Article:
In conclusion, medical adherence is a difficult subject involving family members, children, and caregivers because the process depends on family cultural beliefs, the perception of the severity of the disease, and their appreciation of treatment benefits (Acton, 2012). Patients usually adhere to their own forms of adherence, depending on their view of the world and social setting. Hindrances to medical adherence include low health literacy and language barriers (Long & Prober, 2012). Helpful gears to finish this include multi-lingual staff, interpreters, medicine administration technique training like the use of inhalers, and instruction reinforcement by nurses or pharmacists (Bluestone & Rosenfeld, 2003). Patient training pamphlets have also greatly reduced adverse events of drugs related to non-compliance.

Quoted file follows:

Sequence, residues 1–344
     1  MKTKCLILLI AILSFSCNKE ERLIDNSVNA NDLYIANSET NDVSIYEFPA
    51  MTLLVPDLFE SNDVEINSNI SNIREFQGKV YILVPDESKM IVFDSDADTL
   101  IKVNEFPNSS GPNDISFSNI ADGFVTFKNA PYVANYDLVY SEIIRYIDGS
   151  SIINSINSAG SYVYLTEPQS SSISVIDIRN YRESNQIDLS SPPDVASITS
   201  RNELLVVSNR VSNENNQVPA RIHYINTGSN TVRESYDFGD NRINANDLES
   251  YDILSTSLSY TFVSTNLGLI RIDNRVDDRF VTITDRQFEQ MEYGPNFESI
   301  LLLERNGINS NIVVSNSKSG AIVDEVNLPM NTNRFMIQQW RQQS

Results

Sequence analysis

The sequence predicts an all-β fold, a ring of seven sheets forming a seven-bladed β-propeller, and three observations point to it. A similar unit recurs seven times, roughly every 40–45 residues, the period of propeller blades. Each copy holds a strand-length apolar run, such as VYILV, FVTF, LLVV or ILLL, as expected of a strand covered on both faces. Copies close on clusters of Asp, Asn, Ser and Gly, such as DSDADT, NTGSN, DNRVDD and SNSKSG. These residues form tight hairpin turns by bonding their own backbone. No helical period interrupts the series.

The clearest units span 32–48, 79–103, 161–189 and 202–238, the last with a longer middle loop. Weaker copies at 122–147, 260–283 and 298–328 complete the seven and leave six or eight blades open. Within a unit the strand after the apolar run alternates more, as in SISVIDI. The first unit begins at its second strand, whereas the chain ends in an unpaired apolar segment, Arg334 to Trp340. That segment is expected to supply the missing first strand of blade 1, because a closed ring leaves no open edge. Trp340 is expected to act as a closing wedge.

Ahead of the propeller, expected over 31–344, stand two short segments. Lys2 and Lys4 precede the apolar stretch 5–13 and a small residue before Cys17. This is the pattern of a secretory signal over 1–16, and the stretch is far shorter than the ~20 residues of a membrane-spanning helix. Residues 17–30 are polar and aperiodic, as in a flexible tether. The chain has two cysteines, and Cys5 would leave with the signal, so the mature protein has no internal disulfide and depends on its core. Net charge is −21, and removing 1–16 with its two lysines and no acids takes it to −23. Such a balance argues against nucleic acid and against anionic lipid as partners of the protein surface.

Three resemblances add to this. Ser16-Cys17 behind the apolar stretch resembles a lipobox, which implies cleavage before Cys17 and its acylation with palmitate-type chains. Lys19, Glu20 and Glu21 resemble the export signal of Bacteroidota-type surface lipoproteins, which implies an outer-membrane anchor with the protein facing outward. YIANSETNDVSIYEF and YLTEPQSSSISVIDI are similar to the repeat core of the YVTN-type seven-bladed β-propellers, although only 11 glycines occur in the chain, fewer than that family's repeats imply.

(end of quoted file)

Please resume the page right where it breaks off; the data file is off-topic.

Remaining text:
Long, S. S., Pickering, L. K., & Prober, C. G. (2012). Principles and practice of pediatric infectious diseases. Edinburgh: Elsevier/Saunders.

Bluestone, C. D., & Rosenfeld, R. M. (2003). Evidence-based otitis media. Hamilton, ON B.C. Decker.

In Acton, A. Q. (2012). Otitis media: New insights for the healthcare professional.